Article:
Nowhere for poorest households to rent in Galway and Waterford cities, survey finds

Simon Communities reports ‘alarming’ lack of housing for those dependent on HAP

There is nowhere for the poorest households to rent in Galway city, Waterford city, Athlone and Sligo, a survey has found. File photograph: Getty Images

There is nowhere for the poorest households to rent in Galway city, Waterford city, Athlone and Sligo, a survey has found. File photograph: Getty Images

 

There is nowhere for the poorest households to rent in Galway city, Waterford city, Athlone and Sligo, a survey published on Tuesday finds.

The latest “Locked Out of the Market” survey by the Simon Communities found 8 per cent of rental properties listed on the Daft.ie website across 11 areas were within the limits set for people dependent on the Housing Assistance Payment (HAP) or rent supplement.

There was one home available within the rent limits in each of Limerick city and Portlaoise – both for a couple or parent with one child – and two in north Kildare.

In Dublin city centre, there were three properties available within rent limits – two for a family with one child and one for a family with two children.

The quarterly survey, now in its 14th edition, examined what properties were “for rent” on Daft.ie in Athlone, Cork city centre, Dublin city centre, Dundalk, Galway city centre, north Kildare, Co Leitrim, Limerick city centre, Portlaoise, Sligo and Waterford city centre between April 2nd and 4th. Of the 525 properties available, 482 were beyond the rent limits.

It is alarming that in some of the country’s most populated urban centres there is absolutely nowhere for people looking to rent on HAP to live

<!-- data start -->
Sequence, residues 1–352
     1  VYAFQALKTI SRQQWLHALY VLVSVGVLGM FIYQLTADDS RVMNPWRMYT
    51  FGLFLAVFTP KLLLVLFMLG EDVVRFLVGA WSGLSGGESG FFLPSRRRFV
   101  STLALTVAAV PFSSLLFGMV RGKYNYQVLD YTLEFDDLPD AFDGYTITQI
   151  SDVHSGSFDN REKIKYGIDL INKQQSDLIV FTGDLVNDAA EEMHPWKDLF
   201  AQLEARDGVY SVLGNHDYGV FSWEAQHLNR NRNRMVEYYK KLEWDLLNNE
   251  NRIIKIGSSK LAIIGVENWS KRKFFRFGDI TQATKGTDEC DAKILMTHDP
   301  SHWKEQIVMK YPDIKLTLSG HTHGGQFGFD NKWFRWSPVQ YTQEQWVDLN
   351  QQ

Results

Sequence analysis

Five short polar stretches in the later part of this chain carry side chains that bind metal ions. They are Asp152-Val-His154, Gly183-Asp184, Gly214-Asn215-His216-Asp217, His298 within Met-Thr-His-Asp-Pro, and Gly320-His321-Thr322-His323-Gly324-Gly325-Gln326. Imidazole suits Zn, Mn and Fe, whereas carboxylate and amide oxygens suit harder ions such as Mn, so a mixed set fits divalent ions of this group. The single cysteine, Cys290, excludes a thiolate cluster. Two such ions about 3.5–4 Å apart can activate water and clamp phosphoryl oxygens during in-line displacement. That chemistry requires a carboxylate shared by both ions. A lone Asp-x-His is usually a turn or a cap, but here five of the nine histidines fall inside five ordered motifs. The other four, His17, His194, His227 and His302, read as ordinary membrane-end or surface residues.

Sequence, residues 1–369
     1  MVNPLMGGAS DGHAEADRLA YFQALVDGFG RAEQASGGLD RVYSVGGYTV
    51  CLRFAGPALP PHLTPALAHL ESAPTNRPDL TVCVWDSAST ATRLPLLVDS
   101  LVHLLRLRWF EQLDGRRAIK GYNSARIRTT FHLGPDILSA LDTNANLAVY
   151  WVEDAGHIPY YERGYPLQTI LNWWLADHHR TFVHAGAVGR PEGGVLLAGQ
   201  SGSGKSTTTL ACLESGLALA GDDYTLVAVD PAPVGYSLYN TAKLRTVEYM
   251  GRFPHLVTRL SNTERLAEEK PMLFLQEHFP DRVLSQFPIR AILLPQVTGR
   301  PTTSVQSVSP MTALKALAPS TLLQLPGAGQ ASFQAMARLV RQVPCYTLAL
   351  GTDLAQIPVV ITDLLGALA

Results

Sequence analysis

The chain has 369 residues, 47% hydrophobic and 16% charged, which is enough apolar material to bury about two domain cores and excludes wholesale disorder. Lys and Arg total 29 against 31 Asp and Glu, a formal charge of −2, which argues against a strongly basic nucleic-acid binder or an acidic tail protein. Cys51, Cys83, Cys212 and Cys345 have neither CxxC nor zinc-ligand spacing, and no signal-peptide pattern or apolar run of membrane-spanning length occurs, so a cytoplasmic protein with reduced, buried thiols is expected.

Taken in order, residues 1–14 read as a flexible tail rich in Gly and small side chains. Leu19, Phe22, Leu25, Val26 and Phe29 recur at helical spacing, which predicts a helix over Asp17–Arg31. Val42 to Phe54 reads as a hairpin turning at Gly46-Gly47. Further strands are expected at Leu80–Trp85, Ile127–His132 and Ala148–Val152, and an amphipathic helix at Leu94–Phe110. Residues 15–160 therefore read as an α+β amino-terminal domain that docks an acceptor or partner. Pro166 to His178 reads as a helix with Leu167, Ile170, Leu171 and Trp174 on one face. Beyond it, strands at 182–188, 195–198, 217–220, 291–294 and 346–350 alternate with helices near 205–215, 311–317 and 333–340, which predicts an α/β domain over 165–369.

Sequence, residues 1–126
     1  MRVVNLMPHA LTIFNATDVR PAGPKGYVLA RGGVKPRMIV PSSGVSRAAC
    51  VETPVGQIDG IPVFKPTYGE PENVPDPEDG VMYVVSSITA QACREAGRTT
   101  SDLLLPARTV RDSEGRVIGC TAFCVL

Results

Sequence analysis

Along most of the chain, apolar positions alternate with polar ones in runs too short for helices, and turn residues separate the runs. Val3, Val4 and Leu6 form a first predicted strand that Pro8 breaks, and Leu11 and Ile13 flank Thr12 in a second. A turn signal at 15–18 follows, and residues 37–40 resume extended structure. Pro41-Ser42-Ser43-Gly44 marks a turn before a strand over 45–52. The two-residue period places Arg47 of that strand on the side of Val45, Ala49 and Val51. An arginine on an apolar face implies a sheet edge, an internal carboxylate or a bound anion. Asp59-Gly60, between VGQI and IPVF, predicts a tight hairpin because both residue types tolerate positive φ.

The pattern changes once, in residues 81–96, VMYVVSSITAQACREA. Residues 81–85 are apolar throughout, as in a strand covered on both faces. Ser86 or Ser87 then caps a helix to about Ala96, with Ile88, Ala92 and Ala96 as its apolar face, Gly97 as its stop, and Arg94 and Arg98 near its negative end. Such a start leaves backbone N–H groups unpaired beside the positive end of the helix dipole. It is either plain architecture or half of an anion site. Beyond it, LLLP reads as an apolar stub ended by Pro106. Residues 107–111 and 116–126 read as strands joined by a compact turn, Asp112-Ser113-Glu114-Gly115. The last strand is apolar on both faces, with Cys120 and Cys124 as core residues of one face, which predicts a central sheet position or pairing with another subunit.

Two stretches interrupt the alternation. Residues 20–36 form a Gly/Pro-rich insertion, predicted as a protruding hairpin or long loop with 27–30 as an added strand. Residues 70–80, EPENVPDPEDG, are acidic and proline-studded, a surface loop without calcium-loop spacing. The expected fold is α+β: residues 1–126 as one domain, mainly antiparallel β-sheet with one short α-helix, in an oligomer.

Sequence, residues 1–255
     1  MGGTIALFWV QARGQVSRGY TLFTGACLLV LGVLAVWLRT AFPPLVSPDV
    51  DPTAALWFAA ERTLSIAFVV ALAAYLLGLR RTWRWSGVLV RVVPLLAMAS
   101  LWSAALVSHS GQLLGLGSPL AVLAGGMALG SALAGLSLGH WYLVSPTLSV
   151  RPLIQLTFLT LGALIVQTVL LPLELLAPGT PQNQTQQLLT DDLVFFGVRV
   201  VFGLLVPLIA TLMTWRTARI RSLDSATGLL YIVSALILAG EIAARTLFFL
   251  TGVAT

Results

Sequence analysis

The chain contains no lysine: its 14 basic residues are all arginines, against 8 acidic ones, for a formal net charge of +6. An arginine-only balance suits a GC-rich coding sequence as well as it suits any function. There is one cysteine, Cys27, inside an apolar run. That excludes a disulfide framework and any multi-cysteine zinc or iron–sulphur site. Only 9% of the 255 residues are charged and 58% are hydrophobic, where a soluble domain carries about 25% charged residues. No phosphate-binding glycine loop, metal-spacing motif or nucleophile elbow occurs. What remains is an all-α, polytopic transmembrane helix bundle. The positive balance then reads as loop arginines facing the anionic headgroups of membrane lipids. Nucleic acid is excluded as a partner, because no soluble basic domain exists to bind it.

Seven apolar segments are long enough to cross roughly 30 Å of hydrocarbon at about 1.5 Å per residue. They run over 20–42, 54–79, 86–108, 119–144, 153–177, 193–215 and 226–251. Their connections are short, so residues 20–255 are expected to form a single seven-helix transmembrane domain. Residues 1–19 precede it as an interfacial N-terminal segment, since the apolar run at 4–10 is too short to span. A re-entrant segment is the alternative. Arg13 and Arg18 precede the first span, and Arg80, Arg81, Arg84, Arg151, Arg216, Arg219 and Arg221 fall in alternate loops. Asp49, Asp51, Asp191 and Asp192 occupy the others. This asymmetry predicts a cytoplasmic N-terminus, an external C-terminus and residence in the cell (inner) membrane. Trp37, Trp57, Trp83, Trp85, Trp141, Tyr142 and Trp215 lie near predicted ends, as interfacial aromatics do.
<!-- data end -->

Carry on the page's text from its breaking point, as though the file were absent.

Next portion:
Prospective tenants dependent on HAP or rent supplement are permitted to pay maximum rents that are set depending on their household size and where they are renting. In Dublin, for example, a family with two children may pay a maximum of €1,275 per month, while in Longford they may pay up to €425. The level of HAP they get depends on whether they are working and their income.

Across all 11 areas Simon found just one property – in Dundalk – available for a single person on HAP.

There were fewer properties to let than the 1,150 available in May 2015 when the survey was first conducted. This decline, coupled with rent inflation, has led to a situation where the poorest households are being locked out of the market, said Wayne Stanley, national spokesman for Simon.

“It is alarming that in some of the country’s most populated urban centres there is absolutely nowhere for people looking to rent on HAP to live.

“Single people and families with one- and two-bedroom homes are facing an almost impossible challenge to find somewhere to live in many parts of the country. Availability of tenure types needs to be addressed urgently, as it’s clear we don’t have enough one-bed flats or apartments to meet this need.”